CREDIT SUISSE shares slumped yesterday as new plans to streamline the bank disappointed analysts and investors who had hoped for tougher cuts to fixed income operations.
The Swiss bank is part way through a SFr4bn (£2.67bn) cost-cutting plan, and is now folding its asset management arm into its private bank, as well as reasserting its commitment to fixed income and equities activity.
The rejig will see Credit Suisse’s international investment bank operations separated from those in Switzerland.
Four top members of staff saw their roles change as part of the move.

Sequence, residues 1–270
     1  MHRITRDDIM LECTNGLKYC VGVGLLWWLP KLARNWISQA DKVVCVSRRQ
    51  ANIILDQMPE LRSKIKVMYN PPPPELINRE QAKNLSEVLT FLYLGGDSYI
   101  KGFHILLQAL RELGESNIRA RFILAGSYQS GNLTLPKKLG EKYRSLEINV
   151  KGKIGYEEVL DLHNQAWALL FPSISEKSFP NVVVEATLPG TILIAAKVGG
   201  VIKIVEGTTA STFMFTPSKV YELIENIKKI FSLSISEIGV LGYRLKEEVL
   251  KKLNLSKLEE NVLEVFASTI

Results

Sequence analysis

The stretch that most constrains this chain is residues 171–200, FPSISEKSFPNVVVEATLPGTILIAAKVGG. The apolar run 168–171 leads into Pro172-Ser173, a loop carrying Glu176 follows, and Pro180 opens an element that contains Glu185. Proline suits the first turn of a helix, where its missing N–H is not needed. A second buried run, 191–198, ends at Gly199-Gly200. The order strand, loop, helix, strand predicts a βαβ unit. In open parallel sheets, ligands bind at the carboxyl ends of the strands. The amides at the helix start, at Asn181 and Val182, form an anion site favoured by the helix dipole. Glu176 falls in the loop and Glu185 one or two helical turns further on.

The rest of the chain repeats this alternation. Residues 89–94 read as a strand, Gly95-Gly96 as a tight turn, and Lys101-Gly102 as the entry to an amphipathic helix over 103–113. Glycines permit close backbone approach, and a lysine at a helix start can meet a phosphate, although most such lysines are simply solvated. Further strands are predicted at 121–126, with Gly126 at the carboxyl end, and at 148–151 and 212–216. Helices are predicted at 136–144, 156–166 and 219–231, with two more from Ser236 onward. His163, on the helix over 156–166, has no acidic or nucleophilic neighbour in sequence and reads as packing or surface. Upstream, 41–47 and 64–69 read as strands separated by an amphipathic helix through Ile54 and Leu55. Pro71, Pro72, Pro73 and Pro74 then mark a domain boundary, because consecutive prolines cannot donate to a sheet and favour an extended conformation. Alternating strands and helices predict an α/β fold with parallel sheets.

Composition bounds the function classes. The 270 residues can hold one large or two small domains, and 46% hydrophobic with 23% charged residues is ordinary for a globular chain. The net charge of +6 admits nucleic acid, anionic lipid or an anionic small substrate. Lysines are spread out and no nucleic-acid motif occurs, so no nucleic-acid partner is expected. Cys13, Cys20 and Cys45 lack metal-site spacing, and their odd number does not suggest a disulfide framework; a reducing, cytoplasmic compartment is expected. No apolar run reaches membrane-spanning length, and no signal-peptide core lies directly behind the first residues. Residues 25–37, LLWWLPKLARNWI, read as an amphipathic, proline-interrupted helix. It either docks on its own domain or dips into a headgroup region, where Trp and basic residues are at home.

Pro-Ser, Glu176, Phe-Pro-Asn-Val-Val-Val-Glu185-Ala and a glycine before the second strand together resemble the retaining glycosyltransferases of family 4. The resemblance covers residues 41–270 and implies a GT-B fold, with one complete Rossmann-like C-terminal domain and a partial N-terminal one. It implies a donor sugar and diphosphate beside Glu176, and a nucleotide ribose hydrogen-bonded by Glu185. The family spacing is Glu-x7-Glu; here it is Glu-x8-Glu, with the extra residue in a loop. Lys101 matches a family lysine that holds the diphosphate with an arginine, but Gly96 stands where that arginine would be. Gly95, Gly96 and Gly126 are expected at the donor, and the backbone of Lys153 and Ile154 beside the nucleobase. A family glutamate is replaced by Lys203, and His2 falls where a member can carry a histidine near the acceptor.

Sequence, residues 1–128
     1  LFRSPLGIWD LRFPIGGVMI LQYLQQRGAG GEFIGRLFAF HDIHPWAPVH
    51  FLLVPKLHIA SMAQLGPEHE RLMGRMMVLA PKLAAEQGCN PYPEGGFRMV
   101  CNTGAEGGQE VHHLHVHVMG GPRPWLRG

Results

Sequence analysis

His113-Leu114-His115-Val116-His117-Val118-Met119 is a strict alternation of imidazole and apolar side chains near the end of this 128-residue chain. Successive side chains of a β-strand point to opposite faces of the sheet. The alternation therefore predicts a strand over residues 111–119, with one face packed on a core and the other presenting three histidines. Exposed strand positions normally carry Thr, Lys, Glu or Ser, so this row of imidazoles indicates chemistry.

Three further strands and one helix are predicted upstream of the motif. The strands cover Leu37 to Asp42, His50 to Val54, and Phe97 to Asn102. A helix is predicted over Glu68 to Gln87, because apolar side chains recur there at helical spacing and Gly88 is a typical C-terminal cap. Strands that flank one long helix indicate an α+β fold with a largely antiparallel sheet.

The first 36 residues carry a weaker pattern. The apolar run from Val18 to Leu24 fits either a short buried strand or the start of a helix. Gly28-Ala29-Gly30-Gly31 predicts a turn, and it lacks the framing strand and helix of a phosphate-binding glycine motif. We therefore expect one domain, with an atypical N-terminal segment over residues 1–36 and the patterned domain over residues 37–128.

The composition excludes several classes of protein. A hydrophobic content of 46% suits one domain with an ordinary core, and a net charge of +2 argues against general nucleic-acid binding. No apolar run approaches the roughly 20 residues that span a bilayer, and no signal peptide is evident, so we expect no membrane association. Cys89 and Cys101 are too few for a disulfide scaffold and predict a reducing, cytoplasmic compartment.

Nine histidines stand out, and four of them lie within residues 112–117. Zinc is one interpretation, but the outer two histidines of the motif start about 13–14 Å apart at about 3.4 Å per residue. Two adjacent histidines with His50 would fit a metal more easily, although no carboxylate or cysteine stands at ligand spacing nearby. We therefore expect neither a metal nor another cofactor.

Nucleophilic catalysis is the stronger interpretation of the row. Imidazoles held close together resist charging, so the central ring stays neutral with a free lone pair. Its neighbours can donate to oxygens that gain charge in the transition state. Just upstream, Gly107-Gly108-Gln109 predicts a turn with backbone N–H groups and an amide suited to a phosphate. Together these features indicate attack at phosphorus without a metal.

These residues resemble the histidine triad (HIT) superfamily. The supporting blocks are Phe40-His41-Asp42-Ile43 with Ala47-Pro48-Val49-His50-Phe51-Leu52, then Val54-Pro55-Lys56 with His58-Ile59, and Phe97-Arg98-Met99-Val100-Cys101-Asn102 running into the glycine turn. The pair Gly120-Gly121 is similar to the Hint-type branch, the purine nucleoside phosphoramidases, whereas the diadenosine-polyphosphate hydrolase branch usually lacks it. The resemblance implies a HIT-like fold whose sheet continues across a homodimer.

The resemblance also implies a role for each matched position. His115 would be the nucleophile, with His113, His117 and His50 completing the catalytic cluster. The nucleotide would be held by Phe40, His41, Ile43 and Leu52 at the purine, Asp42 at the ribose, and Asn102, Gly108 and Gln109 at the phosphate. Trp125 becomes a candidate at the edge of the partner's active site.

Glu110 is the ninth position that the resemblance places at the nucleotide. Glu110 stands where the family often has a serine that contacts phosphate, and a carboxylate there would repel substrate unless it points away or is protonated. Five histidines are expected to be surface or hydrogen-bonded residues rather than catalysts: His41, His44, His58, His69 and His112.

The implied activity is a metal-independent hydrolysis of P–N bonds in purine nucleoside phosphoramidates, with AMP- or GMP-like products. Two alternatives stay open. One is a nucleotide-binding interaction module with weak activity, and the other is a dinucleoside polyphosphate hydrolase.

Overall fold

The new private banking and wealth management division will be headed by Hans-Ulrich Meister and Robert Shafir, with Shafir in charge of the Americas and Meister responsible for other geographies.
The investment banking division will be run by Eric Varvel – who will run equities and investment banking, as well as heading up Asia Pacific – and Gael de Boissard, who will head up the fixed income department and lead the Europe, Middle East and Africa (EMEA) operations.
De Boissard joins the other three on the executive board, which sits below the board of directors and is responsible for the day to day operations.
But the reshuffle saw EMEA regional head Fawzi Kyriakos and Asia Pacific boss Osama Abbasi lose their jobs.
Despite the increased clarity on how costs will be cut, the share price dropped. “We’re disappointed Credit Suisse did not follow UBS’ route and chop back their fixed income arm,” said one analyst, who declined to be named.